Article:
“It seems to be class warfare”
Chicago Symphony Orchestra clarinetist John Bruce Yeh speaks on musicians strike
15 April 2019
Musicians of the Chicago Symphony Orchestra (CSO) are currently in the sixth week of their longest-ever strike. Last week, they courageously rejected the intransigent “last, best and final” offer of the Chicago Symphony Orchestra Association (CSOA), which could destroy their pensions and lower the artistic standards of the symphony.
At last week’s free concert at St. James Cathedral, which was one of many widely attended and successful free concerts performed by the musicians, the WSWS spoke with striking CSO musician John Bruce Yeh about the issues at stake in the strike.
Yeh joined the CSO in 1977 at the age of 19 and is the longest-tenured clarinetist in the orchestra’s history. Yeh has been the assistant principal clarinetist and E-flat clarinetist. In 1979, he became the founder and director of the chamber ensemble, Chicago Pro Musica. The first recording of the ensemble of Igor Stravinsky’s L’Histoire du soldatwon the 1985 Grammy award for the best new classical artist. Yeh also taught at DePaul University’s School of Music for more than two decades and joined the faculty of Roosevelt University’s Chicago College of Performing Arts in 2004.
[embedded content]Interview with John Yeh at St. James Cathedral. Video edited by Michael Walters
Yeh, a charismatic performer and music educator, spoke about the strike last week and its broader implications. “We’ve been on strike into the fifth week,” he said. “This is unprecedented in the 128 years of the Chicago Symphony Orchestra. It is a very serious and dire situation that we have been put into.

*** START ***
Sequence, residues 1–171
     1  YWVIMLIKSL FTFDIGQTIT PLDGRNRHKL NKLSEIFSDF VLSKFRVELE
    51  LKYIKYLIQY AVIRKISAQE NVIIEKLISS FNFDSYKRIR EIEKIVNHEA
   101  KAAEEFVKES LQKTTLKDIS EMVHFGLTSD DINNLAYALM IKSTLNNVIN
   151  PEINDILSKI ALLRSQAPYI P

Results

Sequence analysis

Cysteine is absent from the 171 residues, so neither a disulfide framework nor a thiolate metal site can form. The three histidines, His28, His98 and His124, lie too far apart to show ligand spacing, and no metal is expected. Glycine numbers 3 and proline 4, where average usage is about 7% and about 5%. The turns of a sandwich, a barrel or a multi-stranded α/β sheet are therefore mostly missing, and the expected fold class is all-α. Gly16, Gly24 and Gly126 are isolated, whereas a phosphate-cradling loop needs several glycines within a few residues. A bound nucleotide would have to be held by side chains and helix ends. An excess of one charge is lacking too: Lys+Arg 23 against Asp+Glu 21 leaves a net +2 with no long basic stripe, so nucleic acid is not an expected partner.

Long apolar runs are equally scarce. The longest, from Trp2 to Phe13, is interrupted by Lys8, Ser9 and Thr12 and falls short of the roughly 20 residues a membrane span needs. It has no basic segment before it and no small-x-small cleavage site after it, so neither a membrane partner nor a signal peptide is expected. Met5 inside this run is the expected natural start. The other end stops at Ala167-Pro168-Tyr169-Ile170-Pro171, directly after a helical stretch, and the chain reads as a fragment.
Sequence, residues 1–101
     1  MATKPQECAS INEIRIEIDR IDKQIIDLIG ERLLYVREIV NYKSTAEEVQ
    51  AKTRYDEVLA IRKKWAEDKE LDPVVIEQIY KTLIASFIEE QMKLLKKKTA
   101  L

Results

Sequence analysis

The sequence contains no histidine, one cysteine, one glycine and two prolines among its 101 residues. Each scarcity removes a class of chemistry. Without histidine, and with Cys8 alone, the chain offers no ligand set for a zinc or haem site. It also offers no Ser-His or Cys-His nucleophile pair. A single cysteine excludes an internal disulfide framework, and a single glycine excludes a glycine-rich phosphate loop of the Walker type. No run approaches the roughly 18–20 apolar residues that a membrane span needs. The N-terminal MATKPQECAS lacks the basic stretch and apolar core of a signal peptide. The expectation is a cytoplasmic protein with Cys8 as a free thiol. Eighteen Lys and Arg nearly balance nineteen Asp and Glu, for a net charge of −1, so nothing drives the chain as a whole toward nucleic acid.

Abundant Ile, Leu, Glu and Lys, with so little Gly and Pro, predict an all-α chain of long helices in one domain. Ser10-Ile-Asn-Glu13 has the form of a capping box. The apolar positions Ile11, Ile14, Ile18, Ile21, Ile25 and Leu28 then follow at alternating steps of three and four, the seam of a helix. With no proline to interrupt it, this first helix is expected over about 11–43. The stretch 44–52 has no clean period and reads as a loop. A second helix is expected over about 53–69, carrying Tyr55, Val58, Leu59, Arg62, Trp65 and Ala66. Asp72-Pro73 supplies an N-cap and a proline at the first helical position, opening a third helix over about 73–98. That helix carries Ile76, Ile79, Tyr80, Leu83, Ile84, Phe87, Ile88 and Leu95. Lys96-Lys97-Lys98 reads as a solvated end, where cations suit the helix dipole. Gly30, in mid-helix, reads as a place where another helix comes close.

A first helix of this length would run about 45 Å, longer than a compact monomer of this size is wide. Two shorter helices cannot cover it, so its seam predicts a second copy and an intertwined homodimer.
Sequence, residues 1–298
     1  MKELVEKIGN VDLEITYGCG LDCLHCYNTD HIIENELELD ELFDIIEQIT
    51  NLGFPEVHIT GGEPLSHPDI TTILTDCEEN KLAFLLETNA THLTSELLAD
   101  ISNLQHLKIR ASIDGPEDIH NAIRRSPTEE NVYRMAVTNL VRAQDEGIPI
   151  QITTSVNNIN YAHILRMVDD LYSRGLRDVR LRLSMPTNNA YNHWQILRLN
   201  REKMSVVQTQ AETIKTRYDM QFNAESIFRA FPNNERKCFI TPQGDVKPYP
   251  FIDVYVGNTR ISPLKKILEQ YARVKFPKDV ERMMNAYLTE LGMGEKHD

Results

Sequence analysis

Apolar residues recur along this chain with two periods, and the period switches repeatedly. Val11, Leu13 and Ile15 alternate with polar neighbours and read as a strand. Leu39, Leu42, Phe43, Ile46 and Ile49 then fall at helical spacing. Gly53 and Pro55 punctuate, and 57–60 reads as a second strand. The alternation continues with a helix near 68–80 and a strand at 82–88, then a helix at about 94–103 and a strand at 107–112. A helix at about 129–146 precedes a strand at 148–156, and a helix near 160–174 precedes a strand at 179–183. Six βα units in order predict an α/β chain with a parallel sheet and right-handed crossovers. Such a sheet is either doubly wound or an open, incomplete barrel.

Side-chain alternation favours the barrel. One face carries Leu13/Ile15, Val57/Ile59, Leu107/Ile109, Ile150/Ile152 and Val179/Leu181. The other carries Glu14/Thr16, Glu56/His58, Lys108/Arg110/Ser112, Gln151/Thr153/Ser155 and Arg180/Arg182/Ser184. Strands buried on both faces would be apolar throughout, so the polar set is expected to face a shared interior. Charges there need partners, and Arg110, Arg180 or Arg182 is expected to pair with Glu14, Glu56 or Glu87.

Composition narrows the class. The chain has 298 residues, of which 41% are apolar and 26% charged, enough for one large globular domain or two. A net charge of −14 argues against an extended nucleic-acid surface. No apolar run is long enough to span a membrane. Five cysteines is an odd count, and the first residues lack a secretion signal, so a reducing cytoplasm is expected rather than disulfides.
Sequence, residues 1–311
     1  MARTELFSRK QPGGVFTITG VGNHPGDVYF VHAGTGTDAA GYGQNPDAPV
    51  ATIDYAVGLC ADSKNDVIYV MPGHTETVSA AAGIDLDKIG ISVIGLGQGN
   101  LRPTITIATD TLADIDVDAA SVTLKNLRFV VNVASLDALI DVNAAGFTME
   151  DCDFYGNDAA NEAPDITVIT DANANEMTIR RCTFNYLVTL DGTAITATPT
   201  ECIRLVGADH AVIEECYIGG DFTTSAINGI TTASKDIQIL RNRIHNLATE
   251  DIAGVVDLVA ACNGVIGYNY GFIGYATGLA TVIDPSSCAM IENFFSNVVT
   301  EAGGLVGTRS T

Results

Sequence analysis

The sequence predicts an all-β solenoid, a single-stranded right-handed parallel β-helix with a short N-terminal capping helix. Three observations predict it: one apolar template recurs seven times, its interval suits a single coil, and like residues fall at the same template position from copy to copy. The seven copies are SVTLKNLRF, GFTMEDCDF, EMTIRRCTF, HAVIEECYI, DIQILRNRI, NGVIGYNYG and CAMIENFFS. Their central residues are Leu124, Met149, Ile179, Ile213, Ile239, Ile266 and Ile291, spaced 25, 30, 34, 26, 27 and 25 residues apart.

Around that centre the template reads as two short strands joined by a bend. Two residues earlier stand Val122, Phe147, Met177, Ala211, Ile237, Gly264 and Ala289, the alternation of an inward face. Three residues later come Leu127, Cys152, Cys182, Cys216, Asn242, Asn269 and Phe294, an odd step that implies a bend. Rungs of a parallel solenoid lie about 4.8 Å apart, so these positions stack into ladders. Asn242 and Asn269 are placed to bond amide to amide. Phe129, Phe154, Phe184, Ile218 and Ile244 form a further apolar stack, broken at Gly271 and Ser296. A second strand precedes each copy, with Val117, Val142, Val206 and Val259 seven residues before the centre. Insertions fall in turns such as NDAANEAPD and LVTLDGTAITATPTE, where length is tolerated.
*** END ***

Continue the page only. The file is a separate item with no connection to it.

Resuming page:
“When I joined in 1977, we were clearly the leaders in all aspects of conditions, compensation, pension benefits and, of course, artistic quality. Our music director at the time, Sir Georg Solti, would always come to us and give us a pep talk and say, ‘My dears, we must maintain our standard. And we must raise our standard! This is a very difficult thing, but we must do it!’”
Solti was one of the more influential conductors of the CSO, from 1969 to 1991. He was replaced by world-famous conductor Daniel Barenboim, from 1991 to 2006. The current music director is Ricardo Muti, who directed the CSO musicians after Barenboim’s departure.
“Solti understood the importance of keeping the standard high, both musically and with respect to our conditions that allow us to be musically the greatest,” Yeh noted.
“The two major issues in our strike are our retirement benefits, which we have been guaranteed now for 50 years. We have a defined-benefit pension plan that our management has been insistent on removing. What we can deduce from that is they don’t really care about the money issue, I believe. It is becoming increasingly clear that this is an ideological agenda of our Board of Trustees. Our arts organization is a cultural jewel of the world.”
“It seems to be class warfare,” he added, “and we will not accept that.”
What the musicians confront in the strike is even bigger, in fact, than the issue of pensions and salary, as vital as that is, and bigger than the problem of the individual oligarchs and billionaires who control the CSOA board, such as Helen Zell, the wife of multi-billionaire real estate mogul, Sam Zell.